Almost 40 percent of adults at least partially vaccinated as North Carolina opens shots to everyone Wednesday

Coronavirus

FILE – In this Wednesday, June 24, 2020, file photo, North Carolina Gov. Roy Cooper arrives for a news briefing on the coronavirus at the Emergency Operations Center in Raleigh, N.C. With reported coronavirus cases rising rapidly in many states, governors are getting lots of advice on how to respond. Cooper announced a statewide mask rule and three-week pause on further reopenings, moves that were supported by a nurses association. But Cooper has faced pushback from Republican lawmakers and small businesses that are still shuttered, including bars, gyms and bowling alleys, which have tried to overturn the governor’s orders through legal action or legislation. (Robert Willett/The News & Observer via AP, File)

CHARLOTTE, N.C. (WJZY) — Almost 40 percent of adults are at least partially vaccinated, and more than a fourth of adults are fully vaccinated, as North Carolina opens shots to those 16 and older Wednesday.

“Particularly important is that our most vulnerable population, those 65 and over, is gaining protection every day. 73 percent of them have had at least one shot and more than 65 percent of them are fully vaccinated,” Gov. Cooper said.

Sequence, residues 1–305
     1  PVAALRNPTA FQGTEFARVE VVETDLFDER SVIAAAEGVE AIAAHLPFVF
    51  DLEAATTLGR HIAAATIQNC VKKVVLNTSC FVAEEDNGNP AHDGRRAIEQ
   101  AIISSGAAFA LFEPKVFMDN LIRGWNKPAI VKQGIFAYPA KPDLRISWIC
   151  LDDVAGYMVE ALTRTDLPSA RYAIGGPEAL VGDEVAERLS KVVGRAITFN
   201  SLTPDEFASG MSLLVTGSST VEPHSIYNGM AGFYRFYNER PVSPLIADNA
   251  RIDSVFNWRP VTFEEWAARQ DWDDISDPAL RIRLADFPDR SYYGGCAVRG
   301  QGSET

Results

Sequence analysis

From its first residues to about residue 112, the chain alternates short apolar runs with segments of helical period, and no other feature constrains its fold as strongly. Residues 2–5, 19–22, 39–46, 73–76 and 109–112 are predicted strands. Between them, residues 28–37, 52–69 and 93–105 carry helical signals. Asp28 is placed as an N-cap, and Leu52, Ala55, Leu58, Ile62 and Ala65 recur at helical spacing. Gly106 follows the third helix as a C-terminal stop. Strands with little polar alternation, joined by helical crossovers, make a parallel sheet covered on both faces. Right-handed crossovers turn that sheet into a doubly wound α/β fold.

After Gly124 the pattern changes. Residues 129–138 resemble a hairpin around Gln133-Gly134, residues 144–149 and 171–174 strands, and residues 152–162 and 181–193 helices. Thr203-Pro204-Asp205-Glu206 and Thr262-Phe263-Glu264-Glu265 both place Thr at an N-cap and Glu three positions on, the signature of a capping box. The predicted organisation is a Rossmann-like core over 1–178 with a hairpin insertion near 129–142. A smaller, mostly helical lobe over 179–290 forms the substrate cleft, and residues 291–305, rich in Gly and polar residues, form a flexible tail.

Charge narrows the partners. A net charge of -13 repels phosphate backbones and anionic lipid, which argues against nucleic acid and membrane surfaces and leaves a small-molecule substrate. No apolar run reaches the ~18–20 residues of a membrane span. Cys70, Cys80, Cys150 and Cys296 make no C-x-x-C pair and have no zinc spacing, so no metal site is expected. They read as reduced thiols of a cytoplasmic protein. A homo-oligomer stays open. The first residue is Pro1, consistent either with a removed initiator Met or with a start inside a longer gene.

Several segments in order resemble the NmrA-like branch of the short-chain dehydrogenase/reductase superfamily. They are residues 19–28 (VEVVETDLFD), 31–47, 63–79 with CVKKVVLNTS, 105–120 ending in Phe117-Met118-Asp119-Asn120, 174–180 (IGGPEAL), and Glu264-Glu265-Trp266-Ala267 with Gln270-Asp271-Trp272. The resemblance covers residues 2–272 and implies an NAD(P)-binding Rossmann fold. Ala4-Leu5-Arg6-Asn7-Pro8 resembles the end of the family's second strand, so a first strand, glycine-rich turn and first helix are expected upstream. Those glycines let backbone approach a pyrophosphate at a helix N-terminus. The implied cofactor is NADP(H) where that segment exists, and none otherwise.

On Wednesday, Group 5 becomes eligible for the vaccine. That means anyone 16 and older can sign up for a shot. “Because of the hard work of our providers and the commitment of North Carolinians to take their shot, we are getting people vaccinated more quickly than we predicted,” Cooper said.Coronavirus in NC: Cases dip below 900 for just the 2nd time since October 

Gov. Cooper said North Carolina’s work isn’t over yet and the state is keeping its safety measures, like wearing face masks, especially indoors, in place.

“We have to encourage each other to get vaccinated. If you know a loved one who is hesitant, make sure to talk with them about why it is important, effective and safe,” Gov. Cooper said. “Vaccines are the key to saving lives and moving us forward. We all know the most common side effect is pure joy. I’ve seen that relief and sparkle in people’s eyes at every vaccination clinic I have visited.”

As summer approaches, people are curious about how things will change. Gov. Cooper said the state is consulting with health experts, hearing from businesses and their needs and following the data and science.I got vaccinated. What can I do now? 

“Soon we’ll give you a forecast of what to expect for summer and what we can safely do by July 4,” Gov. Cooper explained. “We remain focused on getting people vaccinated as quickly and as equitably as possible and continuing to slow the spread of this virus. The more people we vaccinate, the more we can safely do.”

North Carolina continues to make progress on that front. As of Tuesday, April 6, more than 5.2 million vaccinations have been administered.

North Carolina currently has 923,430 cases; 870 new cases reported since Monday; 982 people in the hospital; and, sadly, 12,189 people who have died.

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